Getting Around Thailand
Thai (www.thaiairways.com) runs services to all major domestic destinations, including Phuket and Chiang Mai. Bangkok Airways (www.bangkokair.com) flies several additional routes including Ko Samui. Discounts are available during off-peak seasons and during special promotional periods. Orient Thai Airlines (www.flyorientthai.com) and Nok Air (www.nokair.co.th) also offer domestic flights.
Discovery Airpass: allows you to fly on Bangkok Airways flights and Lao Airlines domestic flights. The fare is based on the number of coupons you buy and you need to buy a minimum of three coupons. Available from Bangkok Airways (www.bangkokair.com).
Included in the price of the air ticket.
Roads in Thailand range from multi-lane freeways around Bangkok to tiny lanes known as sois.
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There is a reasonable road network comprising of many highways which are designated by numbers. All major roads are paved.
Available in all main towns and cities from both international and local companies. The minimum age for hiring a car in Thailand is 21 but that could vary depending on the company you hire from.
Taxis are easy to find and cheap to use in Bangkok. In other cities, such as Chiang Mai, local transport such as tuk tuks is much cheaper and more common, but before riding in a tuk tuk, it’s advised to negotiate the fare.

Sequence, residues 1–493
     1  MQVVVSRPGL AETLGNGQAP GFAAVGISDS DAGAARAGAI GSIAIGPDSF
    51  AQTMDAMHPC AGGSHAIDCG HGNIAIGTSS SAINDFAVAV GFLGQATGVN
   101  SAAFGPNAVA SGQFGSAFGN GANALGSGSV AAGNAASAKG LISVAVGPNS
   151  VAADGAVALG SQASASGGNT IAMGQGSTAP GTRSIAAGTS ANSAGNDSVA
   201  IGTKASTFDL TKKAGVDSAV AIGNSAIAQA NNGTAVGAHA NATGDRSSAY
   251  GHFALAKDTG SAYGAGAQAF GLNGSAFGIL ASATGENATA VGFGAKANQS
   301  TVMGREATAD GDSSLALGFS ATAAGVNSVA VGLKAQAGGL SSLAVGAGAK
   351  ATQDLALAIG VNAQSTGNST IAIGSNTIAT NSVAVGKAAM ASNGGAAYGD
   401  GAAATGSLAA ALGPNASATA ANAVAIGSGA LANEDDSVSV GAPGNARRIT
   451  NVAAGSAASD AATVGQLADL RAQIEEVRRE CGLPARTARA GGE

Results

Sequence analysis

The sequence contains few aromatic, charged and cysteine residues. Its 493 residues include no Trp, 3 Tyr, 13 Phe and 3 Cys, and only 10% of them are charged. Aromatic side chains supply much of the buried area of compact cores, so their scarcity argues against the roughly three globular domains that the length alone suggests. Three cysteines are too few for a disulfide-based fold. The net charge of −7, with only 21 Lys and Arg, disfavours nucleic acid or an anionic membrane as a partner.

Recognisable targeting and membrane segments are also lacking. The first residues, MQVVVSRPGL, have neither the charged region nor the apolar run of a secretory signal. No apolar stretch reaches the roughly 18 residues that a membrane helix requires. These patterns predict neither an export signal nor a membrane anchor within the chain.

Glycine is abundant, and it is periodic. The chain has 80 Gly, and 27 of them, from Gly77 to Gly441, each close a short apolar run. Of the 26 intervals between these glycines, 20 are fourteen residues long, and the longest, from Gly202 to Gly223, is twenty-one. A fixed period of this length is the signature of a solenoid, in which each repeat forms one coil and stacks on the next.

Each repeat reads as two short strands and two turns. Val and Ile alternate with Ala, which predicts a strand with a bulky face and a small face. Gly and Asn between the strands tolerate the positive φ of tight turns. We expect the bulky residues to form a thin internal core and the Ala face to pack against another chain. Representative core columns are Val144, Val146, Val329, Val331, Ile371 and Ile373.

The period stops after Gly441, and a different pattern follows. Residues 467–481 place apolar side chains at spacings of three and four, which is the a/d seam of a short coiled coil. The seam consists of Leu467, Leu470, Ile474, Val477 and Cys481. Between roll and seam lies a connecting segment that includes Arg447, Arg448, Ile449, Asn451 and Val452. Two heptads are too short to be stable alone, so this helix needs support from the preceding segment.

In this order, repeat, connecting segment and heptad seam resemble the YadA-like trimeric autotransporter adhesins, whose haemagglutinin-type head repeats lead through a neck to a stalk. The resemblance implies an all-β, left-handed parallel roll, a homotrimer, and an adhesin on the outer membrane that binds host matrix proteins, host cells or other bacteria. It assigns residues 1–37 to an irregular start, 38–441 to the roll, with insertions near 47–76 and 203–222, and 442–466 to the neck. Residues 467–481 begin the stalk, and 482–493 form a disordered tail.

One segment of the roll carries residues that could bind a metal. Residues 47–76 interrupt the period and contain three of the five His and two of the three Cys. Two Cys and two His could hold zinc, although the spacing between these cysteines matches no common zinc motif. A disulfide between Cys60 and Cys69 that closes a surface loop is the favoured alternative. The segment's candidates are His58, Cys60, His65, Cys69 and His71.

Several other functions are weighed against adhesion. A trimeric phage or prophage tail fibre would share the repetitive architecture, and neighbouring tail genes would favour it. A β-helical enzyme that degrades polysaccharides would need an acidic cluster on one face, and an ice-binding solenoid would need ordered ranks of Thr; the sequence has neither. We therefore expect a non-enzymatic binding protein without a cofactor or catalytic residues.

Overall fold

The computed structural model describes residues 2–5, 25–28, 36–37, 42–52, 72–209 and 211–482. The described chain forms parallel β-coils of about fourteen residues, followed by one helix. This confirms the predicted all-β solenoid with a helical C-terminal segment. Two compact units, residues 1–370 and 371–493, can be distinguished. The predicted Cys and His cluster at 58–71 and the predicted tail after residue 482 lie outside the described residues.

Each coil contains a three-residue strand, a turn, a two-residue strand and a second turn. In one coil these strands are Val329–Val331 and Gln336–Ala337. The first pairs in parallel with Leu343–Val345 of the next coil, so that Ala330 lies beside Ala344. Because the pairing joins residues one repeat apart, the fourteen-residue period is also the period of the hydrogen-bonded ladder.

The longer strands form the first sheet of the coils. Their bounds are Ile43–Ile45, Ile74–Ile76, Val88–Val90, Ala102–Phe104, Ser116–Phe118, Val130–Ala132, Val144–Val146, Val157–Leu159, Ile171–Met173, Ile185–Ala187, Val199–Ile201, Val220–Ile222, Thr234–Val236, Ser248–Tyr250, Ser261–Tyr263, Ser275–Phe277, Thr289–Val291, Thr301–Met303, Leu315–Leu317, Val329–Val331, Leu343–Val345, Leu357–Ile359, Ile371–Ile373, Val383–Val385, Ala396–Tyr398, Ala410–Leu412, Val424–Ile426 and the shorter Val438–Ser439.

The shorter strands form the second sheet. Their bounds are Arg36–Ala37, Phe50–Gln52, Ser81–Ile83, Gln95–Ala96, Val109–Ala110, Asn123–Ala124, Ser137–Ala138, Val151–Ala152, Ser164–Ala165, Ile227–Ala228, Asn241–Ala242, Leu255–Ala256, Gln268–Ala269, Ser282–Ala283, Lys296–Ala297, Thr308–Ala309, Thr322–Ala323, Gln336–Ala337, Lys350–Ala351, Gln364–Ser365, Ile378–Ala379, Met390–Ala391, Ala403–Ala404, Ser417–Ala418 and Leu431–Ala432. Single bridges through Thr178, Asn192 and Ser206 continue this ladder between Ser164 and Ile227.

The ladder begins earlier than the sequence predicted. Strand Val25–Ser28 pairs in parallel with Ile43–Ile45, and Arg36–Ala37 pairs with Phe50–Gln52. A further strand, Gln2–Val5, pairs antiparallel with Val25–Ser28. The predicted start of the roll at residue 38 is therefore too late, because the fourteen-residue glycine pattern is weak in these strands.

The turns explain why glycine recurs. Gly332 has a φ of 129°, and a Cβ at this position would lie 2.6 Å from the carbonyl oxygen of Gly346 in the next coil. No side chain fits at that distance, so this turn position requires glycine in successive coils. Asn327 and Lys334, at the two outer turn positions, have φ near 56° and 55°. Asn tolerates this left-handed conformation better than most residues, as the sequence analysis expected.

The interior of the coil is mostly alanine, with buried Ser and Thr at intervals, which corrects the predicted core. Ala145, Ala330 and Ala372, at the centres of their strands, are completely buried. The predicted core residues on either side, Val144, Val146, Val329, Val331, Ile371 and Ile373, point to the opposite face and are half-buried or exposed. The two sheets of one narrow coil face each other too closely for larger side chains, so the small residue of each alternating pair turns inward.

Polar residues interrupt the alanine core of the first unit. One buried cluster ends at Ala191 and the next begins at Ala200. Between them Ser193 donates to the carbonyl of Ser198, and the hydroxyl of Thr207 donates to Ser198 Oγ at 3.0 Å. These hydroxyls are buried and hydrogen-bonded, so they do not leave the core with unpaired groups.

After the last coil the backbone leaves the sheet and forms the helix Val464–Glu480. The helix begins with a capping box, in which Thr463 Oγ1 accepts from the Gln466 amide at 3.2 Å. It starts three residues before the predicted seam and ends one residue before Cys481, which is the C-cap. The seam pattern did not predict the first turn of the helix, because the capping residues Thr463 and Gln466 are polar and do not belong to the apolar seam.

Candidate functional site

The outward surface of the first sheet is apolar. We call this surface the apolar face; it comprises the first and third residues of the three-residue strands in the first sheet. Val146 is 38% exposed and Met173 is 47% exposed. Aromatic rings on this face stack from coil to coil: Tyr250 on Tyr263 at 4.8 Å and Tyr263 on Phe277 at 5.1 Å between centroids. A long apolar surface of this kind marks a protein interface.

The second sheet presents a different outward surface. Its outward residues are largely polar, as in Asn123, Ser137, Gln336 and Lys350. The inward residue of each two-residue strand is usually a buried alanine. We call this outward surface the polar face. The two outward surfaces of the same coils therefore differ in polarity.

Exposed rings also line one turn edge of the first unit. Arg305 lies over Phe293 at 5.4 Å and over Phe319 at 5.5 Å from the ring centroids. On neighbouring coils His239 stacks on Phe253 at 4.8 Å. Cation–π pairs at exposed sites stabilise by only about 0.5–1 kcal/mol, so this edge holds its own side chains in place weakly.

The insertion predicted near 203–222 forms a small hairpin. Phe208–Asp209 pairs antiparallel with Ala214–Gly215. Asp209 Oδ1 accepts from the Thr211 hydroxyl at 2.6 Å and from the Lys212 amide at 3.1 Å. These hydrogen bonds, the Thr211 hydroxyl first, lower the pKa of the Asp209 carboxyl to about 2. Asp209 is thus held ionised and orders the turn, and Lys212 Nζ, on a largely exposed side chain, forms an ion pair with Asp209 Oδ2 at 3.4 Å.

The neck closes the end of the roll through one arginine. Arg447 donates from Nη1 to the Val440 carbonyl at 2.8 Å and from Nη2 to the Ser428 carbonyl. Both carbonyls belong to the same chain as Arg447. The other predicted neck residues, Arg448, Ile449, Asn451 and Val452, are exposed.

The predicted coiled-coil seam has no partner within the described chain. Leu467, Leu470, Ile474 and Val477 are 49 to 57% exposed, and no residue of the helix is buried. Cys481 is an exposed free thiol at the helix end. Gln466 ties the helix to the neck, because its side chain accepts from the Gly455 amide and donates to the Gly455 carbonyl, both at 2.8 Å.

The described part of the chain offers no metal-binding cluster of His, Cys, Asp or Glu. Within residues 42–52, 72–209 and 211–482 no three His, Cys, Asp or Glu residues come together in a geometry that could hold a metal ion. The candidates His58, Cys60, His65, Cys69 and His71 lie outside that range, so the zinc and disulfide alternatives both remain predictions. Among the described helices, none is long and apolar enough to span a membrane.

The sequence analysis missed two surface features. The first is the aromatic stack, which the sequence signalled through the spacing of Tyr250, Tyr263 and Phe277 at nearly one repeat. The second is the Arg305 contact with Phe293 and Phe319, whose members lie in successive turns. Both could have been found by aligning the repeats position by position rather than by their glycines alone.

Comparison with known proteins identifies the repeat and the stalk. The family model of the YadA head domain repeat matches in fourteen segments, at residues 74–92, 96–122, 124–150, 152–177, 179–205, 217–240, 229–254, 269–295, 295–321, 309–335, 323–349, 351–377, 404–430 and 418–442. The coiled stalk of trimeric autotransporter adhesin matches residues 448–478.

Bike hire is available at most tourist locations throughout the country but due to the erratic nature of driving standards and heavy traffic, caution must be observed. The World Health Organisation has rated Thailand as one of the world's deadliest countries for fatalities on motorcycles. It is however, an excellent form of transport for those wishing to travel in the quieter areas of the country.
There are many intercity bus services, which range from uncomfortable and crowded buses to luxury, air-conditioned coaches. Prices are quite cheap, but the appalling traffic in some areas of Thailand makes travelling by bus quite slow.
The minimum age for driving a car in Thailand is 18 years, and 15 years to ride a motorcycle; the wearing of seat belts is compulsory. The speed limit is 50kph (31mph) to 60kph (37mph) in towns and cities and 90 to 120kph (56 to 74mph) on open roads and highways/ motorways.
A national licence or International Driving Permit is required. Once you have been in Thailand for over three months, you will need to obtain a Thai driving licence.
Conventional bus services in Bangkok are operated by the Bangkok Mass Transit Authority (www.bmta.co.th), but there are also extensive private minibus operations. Premium fares are charged for air-conditioned (cream-blue buses) and express buses. The ordinary buses are cream-red or white-blue, and charge a flat rate regardless of distance travelled. Fares are generally low and are collected by conductors.
In Bangkok, taxis displaying the TAXI-METER sign are metered. Samlors or tuk-tuks are three-wheeled taxis without a meter; the fare must be negotiated before the journey commences. These are cheaper than taxis but are only suitable for short distances.